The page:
A new Finnish study found that boys with stronger motor skills — agility, balance and manual dexterity — at baseline exhibited higher cognitive scores throughout a two-year follow-up period compared to boys with poorer motor skills.

In contrast, the University of Eastern Finland researchers found no association between aerobic fitness or obesity and cognitive function in boys, a finding which differs from previous cross-sectional studies on the topic. A cross-sectional study compares different groups at a single point in time, like taking a snapshot.

In the new study, which took a longitudinal approach, researchers discovered that boys with higher aerobic fitness at study baseline were more likely to have poorer cognition during the two-year follow-up than those with lower fitness.

In a longitudinal study, researchers conduct several observations of the same participants over a period of time, sometimes lasting many years.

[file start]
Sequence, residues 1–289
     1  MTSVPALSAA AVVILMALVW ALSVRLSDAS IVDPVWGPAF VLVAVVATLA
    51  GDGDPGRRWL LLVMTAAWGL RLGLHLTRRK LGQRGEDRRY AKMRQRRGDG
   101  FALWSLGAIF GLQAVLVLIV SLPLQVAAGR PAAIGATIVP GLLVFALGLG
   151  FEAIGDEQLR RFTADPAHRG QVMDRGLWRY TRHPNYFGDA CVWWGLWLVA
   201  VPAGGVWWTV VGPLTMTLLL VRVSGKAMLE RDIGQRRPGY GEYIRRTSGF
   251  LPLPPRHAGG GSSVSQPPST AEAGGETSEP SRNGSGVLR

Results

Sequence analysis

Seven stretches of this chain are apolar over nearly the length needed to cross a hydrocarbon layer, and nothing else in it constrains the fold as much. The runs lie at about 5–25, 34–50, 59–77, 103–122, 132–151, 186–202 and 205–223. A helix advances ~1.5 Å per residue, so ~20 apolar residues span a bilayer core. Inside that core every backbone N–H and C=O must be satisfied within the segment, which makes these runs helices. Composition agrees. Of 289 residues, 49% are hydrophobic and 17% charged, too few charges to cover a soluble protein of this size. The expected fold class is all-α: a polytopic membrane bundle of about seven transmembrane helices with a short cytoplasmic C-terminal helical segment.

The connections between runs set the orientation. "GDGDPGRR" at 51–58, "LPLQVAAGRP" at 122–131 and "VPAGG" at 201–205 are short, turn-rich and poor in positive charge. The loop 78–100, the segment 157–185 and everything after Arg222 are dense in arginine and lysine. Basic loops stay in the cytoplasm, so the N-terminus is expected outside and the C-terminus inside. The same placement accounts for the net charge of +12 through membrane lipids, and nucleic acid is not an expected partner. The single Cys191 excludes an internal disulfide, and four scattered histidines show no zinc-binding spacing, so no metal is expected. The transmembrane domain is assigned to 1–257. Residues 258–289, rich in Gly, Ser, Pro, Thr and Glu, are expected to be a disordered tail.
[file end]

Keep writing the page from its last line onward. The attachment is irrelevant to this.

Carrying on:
In girls, none of the above-mentioned factors was associated with cognitive skills. This may be due to biological or sociocultural differences between boys and girls.

Interestingly, boys with better motor skills at baseline had a smaller increase in their cognitive skills than those with poorer motor skills. In other words, the boys with poorer motor skills appeared to catch up by the end of the study.

“It is important to remember that these results do not necessarily reflect a causal relation between motor skills and cognition. Boys with poorer motor and cognitive skills at baseline caught up with their more skillful peers during the two-year follow-up,” said postdoctoral researcher Dr. Eero Haapala from the University of Jyväskylä. Haapala is also adjunct professor of Pediatric Exercise Physiology at the University of Eastern Finland.

The study investigated the long-term associations between motor skills, aerobic fitness, and body fat percentage and cognition in 371 children who were 6 to 8 years old at baseline. Motor skills were evaluated by agility, balance and manual dexterity tests; aerobic fitness was measured by a maximal cycle ergometer test; and body fat percentage was assessed with a DXA-device (dual X-ray absorptiometry), a technique for scanning bone and measuring bone mineral density.

Cognition was assessed by the Raven’s Matrices Test. Several confounding factors such as parental education and annual household income were controlled for in the analyses.

The findings are published in the journal Medicine & Science in Sports & Exercise.

Source: University of Eastern Finland